Steve (not verified)    October 28, 2019 - 8:49PM

In reply to by Sirius Black (not verified)

Yes these windows do just crack on their own. Ours cracked and they was nobody around us at all. I checked the windshield and absolutely no chips etc. it just cracked acrothe entire windshield.

Fran S. (not verified)    November 26, 2019 - 12:38PM

In reply to by Sirius Black (not verified)

My 90 day old Forrester windshield cracked up the center this morning. Average conditions, no rock strike, driving with my own eyes, not eyesight cameras.

Tekeru Jones (not verified)    October 28, 2019 - 12:04AM

People need to stop giving Subaru a hard time. Their market has grown exponentially in recent years, growing pains are to be expected. Besides if more people would use the brains they were born with and weren't so lawsuit happy we'd all have less problems. Please people LOOK at your windshields closely, use your brains. They don't "just crack spontaneously" something is causing it. A rock, weather fluctuations perhaps a careless kid that bounced a basketball off your windshield. Look at them, then go get it fixed quit complaining and sueing.

Tiny Cadon (not verified)    October 28, 2019 - 10:52AM

In reply to by Tekeru Jones (not verified)

Wow, who would've thought the problem was complaining & su"e"ing & NOT defective parts that the company refuses to cover! I guess if everyone just stops complaining & suing then the windshields will just repair themselves???

Amber (not verified)    May 2, 2020 - 6:50PM

In reply to by Tekeru Jones (not verified)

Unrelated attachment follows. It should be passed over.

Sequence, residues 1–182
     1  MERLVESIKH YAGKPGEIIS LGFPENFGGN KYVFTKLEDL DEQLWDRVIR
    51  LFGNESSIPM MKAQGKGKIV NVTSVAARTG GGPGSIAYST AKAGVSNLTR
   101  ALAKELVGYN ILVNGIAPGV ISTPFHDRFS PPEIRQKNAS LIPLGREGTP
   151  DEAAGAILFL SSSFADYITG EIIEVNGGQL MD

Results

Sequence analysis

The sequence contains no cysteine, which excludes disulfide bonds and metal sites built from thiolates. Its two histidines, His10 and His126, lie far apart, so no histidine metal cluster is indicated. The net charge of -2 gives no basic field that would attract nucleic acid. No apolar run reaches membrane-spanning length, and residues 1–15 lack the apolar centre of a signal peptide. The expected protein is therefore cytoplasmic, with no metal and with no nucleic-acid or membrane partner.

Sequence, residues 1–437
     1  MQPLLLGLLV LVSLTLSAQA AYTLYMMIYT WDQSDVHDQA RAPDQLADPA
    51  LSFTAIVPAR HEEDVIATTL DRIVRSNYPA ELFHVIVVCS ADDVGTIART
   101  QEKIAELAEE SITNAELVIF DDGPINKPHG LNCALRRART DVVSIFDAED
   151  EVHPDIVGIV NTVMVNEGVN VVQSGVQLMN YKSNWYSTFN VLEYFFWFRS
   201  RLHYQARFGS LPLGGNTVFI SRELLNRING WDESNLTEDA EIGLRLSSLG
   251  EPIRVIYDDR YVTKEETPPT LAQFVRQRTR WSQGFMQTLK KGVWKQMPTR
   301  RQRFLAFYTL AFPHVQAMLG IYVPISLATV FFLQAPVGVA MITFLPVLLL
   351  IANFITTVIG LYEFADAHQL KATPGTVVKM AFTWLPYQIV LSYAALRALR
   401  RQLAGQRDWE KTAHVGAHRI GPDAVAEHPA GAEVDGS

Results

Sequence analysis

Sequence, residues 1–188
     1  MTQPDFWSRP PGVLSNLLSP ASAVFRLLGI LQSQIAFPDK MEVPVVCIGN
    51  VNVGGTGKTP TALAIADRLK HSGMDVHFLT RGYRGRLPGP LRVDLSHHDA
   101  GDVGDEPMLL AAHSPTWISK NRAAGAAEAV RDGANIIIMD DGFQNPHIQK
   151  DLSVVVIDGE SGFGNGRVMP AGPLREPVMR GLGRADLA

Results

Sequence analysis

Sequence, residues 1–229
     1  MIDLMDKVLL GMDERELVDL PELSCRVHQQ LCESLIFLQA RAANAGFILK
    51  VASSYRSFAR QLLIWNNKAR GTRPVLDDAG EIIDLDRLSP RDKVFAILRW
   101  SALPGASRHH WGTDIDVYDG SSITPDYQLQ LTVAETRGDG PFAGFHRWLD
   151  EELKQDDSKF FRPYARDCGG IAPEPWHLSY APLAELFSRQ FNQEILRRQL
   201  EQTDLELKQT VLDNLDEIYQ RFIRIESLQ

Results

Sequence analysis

Seriously?!? The reason their market has grown exponentially in recent years is because of their reputation for reliable long-lasting cars. Unfortunately, that reputation was built on cars they made 20 years ago. Not the junk they make today. I bought a brand new 2015 Forester in 2014. I was in TN, at my sisters, and my 3-year niece threw a rock to her sister, and accidentally it hit my windshield, and it caused a quarter size starburst crack. From a tiny rock, tossed by a 3-year-old!!! Imagine what a rock from a tire of a Semi doing 70 mph down I-75 would do. But, I figured it was a fluke. Then I had issues again. There was a serious issue with my brakes that cause me not to be able to shift out of park that the dealership tried to fix, but it happened again. It was a sensor that basically communicates to the car that the breaks are not depressed, when in fact, they are. When I took it in the second time, the dealership manager said we need to get you out of that car, so they gave me a brand new 2017 Outback, with a higher trim level, and tinted windows, for the same price as what they charged me for Forester, Basically a free $15000 upgrade for nothing. Then low and behold, driving my son to school one cold morning two months later, I turned on the heat and defrost. After I dropped him off, I went home, parked in the garage. My windshield was fine. An hour later when I left for work, there was a vertical crack right in the middle of the windshield, starting below the hood by the hearing element, that extended 6 inches straight up. My car had 2600 miles on it. Nothing hit my windshield, and my car was in my garage. I do not know what you would call that, but I would call that spontaneous cracking. Yes, I know what caused it. Subaru's is notorious for their bad windshields and yes, they should be sued, and continue to be sued until they fix the defective product they keep selling to the uninformed public. When you spend $37,000 on a new car, you expect the windshield to last longer than 2 MONTHS. What is even worse, they will not cover it under their warranty, and if you get it replaced with another OEM Subaru windshield you can almost guarantee the same result. I have drove at least a dozen different makes and models of cars in my lifetime, and I have NEVER had an issue with a windshield chipping or cracking. I've made numerous trips all across this country doing 75-80 on roads the likes of I-75, the Turnpike, I-10, I-85 and more, and have had many rocks hit other windshields that don't even leave a scratch! In order to improve fuel efficiency in their larger cars, they made the windshield thinner and lighter. Seems like a very risky business practice to do to something so integral to the safety of the passengers of your product. Ironically, I just found out that Subaru has now done a recall of the 2015 Forester for the brake issue, only of course after it hurt people, and several years after the sensor in my 2015 Forester was faulty, which again goes to show that they do NOT fix known issues, and do not care about their customers, just their bottom line. My advice to anyone and everyone who will listen. Stay away from Subaru's made from 2014 forward.